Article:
Provide for Birds in Winter

As the winter season marches on, it is always a treat to see bright colors out in our gardens. While some of that color comes from plants with winter interest, more can come from the wildlife that visits. Birds, particularly cardinals, cedar waxwings, and jays show up beautifully against a snowy backdrop, and you can use several ornamental plants to attract them to your yard. Below is a list of suggestions:

  • Northern Bayberry (Morella pensylvanica) is one of the best winter food sources for birds due to its high fat content. The waxy, gray berries are a favorite of chickadees, bluebirds, swallows, and warblers. Both male and female plants are needed to produce berries.
  • Arrowwood Viburnum (Viburnum dentatum) provides white flowers in spring, excellent fall color, and, you guessed it, berries for birds in winter! All kinds of birds enjoy the blue-black berry clusters produced by this Viburnum. These berries can persist until mid-winter, assuming the birds don’t eat them all right away.
  • Winterberry (Ilex verticillata) has bright red, persistent berries that provide excellent winter interest as well as a good meal for robins, cedar waxwings, and scrub jays. One male plant is needed for every 5-10 female plants to ensure berry set.
  • Hackberry (Celtis occidentalis) produces tiny pea-sized fruit that is eaten by a wide variety of birds. This tree is not considered a great garden beauty, but it is incredibly adaptable and can take tough situations, plus it provides a sturdy nesting area for birds in spring and summer.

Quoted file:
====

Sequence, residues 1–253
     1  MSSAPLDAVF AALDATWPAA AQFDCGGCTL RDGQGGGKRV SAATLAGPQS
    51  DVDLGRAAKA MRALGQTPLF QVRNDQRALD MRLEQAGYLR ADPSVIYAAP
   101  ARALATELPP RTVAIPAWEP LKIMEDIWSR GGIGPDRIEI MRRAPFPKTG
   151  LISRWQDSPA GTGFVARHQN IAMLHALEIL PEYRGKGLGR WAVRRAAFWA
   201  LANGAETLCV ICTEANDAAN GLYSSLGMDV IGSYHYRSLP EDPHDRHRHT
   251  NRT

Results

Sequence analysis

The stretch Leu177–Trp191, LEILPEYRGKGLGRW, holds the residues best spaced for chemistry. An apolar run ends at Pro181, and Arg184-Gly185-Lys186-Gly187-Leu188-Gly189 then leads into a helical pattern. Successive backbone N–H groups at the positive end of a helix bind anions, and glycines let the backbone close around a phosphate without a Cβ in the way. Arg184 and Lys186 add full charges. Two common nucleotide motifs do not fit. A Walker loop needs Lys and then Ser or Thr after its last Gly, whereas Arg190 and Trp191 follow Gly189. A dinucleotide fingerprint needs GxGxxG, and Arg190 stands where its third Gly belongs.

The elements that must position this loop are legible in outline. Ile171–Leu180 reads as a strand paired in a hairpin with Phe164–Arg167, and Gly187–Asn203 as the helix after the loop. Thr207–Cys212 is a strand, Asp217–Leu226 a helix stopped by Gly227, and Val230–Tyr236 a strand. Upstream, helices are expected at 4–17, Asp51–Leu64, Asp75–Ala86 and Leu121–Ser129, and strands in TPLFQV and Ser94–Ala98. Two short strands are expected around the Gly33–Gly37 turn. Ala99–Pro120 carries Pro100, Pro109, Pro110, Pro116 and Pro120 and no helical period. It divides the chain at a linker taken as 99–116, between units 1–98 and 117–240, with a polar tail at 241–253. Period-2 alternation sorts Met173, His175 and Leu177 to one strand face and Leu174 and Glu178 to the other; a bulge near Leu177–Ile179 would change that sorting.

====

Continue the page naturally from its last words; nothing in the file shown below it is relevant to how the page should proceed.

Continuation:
• Green Hawthorn (Crataegus viridis ‘Winter King’) is a beautiful spring-blooming tree with small thorns and large red berries in fall and winter. Thrushes and waxwings are some of the most common visitors, but other small birds stop by to sample the fruit.
  • Gray Dogwood (Cornus racemosa) is a native of Iowa with ornamental red stems in winter and clustered cream-colored berries that birds like bobwhites, woodpeckers, and cardinals adore. These fruits are produced in fall and sampled by many migrating birds, so plant these in clusters for the best outcome.
  • Crabapples (Malus sp) provide berries for many birds, including robins, cardinals, and waxwings. Smaller berries are easier for the birds to eat. It is usually crabapple fruits that persist the longest, due to their bitter nature, but after several freeze/thaw cycles birds enjoy them.
  • White Oak (Quercus alba) produces acorns every year that are enjoyed by woodpeckers, wood ducks, and jays. The avid birder can even crush or cut the acorns into smaller sections to attract a wider variety of birds.
  • Eastern Red Cedar (Juniperus virginiana) not only provides protection from wind and snow, but also produces pale blue, berry-like cones that are eaten by cedar waxwings and other birds.

Prepared by Lindsey Smith, Collections Curator — photo caption: Juniperus virginiana ‘Grey Owl’